They’re at it again. Nearly a quarter century after the U.S. Supreme Court struck down a Louisiana scheme to introduce creationism into public school science classrooms, a Louisiana school district is considering whether to flout the constitution yet again by inserting religion-infused junk science in its curriculum.
News reports of a recent Livingston Parish School Board meeting show the board exploring the possibility of injecting creationism in Livingston Parish public school science classes.
During the board’s ill-informed discussion of its pupil progression plan for the 2010-11 school year, Jan Benton, director of curriculum, mistakenly argued that the Science Education Act enacted last year by the Louisiana Legislature allow schools to teach so-called “critical thinking and creationism” in science classes. David Tate, another board member, responded:
We let them teach evolution to our children, but I think all of us sitting up here on this School Board believe in creationism. Why can’t we get someone with religious beliefs to teach creationism?
Not to be outdone, fellow board member Clint Mitchell responded,
I agree … you don’t have to be afraid to point out some of the fallacies with the theory of evolution. Teachers should have the freedom to look at creationism and find a way to get it into the classroom.
Board President Keith Martin suggested that now might be the time to re-examine the issue, stating that “Maybe it’s time that we look at this.” Martin suggested — and his fellow board members appeared to agree — that the board should appoint a committee to study the possibility of introducing creationism into the classroom. Martin concluded with an oratorical flourish against defenders of the constitution and religious liberty:
We shouldn’t just jump into this thing, but we do need to look at it. The American Civil Liberties Union and even some of our principals would not be pleased with us, but we shouldn’t worry about the ACLU. It’s more important that we do the correct thing for the children we educate.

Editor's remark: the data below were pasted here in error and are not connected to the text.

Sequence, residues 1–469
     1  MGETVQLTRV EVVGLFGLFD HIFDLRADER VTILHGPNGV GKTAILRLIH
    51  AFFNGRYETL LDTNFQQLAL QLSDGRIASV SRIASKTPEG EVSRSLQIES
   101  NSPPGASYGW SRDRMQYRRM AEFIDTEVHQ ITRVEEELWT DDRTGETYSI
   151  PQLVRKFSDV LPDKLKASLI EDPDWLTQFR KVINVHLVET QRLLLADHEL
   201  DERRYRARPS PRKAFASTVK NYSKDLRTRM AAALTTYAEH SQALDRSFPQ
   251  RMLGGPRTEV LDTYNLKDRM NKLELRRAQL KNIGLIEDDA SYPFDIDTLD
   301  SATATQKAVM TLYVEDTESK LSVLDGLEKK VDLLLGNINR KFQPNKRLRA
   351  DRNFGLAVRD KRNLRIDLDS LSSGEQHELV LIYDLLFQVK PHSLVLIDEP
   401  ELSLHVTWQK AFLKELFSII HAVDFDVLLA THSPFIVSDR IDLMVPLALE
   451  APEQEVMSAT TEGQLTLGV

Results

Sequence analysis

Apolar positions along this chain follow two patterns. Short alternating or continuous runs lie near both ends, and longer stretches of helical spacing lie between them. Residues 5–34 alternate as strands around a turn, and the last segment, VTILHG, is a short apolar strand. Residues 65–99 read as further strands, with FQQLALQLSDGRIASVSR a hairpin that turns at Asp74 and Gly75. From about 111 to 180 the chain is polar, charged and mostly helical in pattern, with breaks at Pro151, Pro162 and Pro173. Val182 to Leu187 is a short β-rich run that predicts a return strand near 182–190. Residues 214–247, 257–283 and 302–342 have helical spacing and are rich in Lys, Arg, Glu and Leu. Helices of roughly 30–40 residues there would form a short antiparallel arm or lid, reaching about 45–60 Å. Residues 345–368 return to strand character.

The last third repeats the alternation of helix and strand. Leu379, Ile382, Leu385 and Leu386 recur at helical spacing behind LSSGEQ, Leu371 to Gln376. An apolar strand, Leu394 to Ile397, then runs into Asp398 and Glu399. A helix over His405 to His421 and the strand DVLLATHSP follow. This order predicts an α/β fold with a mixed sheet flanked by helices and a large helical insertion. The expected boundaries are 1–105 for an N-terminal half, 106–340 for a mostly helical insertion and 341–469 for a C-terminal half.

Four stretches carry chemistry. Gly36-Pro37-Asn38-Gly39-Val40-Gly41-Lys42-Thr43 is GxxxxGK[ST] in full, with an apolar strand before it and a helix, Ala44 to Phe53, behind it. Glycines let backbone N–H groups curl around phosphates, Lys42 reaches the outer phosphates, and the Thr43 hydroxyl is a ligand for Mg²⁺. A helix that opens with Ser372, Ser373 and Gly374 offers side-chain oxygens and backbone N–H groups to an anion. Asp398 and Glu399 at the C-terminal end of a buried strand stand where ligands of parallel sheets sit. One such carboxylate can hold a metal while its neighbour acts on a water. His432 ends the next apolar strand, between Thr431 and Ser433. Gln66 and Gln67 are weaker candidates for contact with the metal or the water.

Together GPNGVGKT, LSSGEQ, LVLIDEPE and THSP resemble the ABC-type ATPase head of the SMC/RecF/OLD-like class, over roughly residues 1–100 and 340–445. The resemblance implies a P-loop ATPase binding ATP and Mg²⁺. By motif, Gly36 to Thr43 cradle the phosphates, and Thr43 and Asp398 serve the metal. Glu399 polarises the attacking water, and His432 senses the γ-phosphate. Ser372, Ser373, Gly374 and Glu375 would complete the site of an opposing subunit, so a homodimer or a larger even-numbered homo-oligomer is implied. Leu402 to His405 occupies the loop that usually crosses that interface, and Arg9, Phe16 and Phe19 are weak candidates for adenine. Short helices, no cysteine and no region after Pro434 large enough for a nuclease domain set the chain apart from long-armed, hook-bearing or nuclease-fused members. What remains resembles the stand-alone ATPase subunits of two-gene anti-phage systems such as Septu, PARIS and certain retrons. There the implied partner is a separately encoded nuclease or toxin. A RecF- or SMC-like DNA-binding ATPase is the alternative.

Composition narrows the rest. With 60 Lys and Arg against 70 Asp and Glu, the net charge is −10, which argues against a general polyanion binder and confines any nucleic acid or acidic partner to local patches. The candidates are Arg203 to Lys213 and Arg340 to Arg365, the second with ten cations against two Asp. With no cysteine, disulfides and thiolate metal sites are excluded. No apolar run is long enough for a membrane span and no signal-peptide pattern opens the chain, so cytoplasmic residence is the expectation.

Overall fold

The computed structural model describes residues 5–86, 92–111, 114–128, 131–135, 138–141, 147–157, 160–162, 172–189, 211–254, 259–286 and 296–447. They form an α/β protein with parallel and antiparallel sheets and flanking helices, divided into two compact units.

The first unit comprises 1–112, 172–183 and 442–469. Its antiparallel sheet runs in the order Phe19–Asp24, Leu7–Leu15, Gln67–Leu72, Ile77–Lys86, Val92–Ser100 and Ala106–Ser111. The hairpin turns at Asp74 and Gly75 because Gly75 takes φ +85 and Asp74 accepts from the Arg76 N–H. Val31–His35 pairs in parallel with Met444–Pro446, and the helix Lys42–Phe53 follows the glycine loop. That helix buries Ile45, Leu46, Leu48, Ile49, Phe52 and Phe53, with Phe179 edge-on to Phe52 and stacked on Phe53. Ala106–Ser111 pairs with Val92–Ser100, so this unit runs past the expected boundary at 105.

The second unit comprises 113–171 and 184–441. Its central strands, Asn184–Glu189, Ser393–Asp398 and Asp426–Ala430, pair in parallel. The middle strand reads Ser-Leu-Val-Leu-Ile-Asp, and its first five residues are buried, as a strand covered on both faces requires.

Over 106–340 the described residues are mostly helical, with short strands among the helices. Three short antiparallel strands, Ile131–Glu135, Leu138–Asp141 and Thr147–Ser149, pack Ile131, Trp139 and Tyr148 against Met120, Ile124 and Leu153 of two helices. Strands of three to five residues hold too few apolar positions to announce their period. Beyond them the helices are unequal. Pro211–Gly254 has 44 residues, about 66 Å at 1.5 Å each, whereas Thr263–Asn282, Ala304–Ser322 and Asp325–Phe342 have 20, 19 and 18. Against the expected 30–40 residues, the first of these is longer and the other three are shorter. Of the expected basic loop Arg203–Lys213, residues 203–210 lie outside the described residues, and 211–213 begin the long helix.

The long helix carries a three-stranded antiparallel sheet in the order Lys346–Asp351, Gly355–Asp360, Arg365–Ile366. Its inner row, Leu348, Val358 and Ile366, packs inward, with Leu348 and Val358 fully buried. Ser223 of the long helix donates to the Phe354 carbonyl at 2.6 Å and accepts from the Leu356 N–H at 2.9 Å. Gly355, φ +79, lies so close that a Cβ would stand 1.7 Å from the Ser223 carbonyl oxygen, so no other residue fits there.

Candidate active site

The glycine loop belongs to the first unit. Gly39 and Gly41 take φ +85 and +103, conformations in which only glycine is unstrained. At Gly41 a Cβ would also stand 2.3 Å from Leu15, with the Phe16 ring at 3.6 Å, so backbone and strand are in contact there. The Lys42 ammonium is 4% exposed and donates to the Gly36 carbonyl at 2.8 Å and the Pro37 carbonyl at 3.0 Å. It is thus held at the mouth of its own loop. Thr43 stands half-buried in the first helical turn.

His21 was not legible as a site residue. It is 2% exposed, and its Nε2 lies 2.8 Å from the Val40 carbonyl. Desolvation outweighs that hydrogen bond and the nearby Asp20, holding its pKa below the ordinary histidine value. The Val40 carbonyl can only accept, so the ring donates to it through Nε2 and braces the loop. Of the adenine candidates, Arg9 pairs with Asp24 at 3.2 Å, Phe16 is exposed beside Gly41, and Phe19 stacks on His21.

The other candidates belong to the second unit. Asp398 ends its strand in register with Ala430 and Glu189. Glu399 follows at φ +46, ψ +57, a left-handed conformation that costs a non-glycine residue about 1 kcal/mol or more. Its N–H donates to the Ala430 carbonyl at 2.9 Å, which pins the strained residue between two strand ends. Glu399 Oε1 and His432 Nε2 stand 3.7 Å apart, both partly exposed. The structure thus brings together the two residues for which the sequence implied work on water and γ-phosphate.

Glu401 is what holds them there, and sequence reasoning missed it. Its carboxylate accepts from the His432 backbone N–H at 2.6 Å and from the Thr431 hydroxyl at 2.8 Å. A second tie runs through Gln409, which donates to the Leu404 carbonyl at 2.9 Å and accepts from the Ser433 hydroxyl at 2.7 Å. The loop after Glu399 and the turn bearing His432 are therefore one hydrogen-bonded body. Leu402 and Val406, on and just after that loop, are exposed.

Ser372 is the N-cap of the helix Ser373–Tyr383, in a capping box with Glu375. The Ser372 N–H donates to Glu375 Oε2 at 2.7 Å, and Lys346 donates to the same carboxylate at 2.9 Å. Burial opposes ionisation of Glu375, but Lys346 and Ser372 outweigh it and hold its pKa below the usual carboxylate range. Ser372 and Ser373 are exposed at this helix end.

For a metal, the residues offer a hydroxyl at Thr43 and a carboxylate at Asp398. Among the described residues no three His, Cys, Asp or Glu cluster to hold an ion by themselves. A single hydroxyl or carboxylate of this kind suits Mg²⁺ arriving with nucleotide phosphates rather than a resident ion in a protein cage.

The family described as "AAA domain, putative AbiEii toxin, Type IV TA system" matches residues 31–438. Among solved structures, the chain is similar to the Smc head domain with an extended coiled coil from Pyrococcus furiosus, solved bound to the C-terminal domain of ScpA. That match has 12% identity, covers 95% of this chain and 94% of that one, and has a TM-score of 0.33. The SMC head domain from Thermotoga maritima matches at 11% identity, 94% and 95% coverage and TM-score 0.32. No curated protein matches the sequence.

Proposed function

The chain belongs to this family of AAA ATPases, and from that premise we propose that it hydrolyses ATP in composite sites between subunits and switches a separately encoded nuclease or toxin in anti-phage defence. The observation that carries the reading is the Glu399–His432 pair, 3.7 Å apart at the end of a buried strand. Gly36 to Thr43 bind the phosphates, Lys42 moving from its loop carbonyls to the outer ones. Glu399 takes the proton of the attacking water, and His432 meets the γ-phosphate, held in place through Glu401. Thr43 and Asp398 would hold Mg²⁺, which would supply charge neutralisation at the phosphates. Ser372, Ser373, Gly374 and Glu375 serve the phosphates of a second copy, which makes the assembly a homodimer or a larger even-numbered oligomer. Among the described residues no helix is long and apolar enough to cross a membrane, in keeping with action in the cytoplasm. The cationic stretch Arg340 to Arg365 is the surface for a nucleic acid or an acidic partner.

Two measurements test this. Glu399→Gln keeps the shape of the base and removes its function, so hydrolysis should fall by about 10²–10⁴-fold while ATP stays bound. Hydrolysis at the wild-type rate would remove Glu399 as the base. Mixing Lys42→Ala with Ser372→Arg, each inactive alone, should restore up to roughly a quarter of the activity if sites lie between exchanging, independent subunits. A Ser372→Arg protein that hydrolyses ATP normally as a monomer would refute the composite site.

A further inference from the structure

The Livingston Parish School Board couldn’t have it more wrong, of course. The courts have consistently held that the teaching of creationism in public school science classrooms violates the First Amendment’s Establishment Clause — not merely because creation “science” is junk science, but because introducing this junk science into science classrooms impermissibly uses government resources to advance a religious agenda. The Supreme Court weighed in on the question in the 1987 case of Edwards v. Aguillard , ruling seven to two (with Justice Antonin Scalia and the late Chief Justice William Rehnquist in predictable dissent) that introducing creationism into the classroom has the impermissible purpose and effect of advancing religious dogma. In 2005, U.S. District Judge John E. Jones ruled that even the introduction of watered-down creationism in the guise of so-called “intelligent design” theory into public classrooms violates the constitution. If Louisiana’s new Science Education Act were to provide for the teaching of creationism in public school rooms, it would be unconstitutional.
Worse than that, the school board was mistaken even in arguing that Louisiana’s new law allows for the teaching of creationism in public schools. The law merely states that teachers may use “supplemental materials” when teaching about evolution.
We can only wait to see whether the Livingston Parish School Board rushes the school district headlong into an expensive and unwinnable lawsuit. Given how foolishly the board’s members behaved at the recent board meeting, they might be just imprudent enough to do so.
* * * UPDATE * * *
The Baton Rouge Advocate now reports that “The Livingston Parish School Board won’t try to include the teaching of creationism in this year’s curriculum, but has asked the School Board staff to look at the issue for possible future action.” The exploratory committee the board formed for the purpose of examining the issue is not expected to report its findings in time for action during the 2010-2011 school year. Board president Keith Martin explained, “We have decided not to try to hurry up and rush something in for this year.”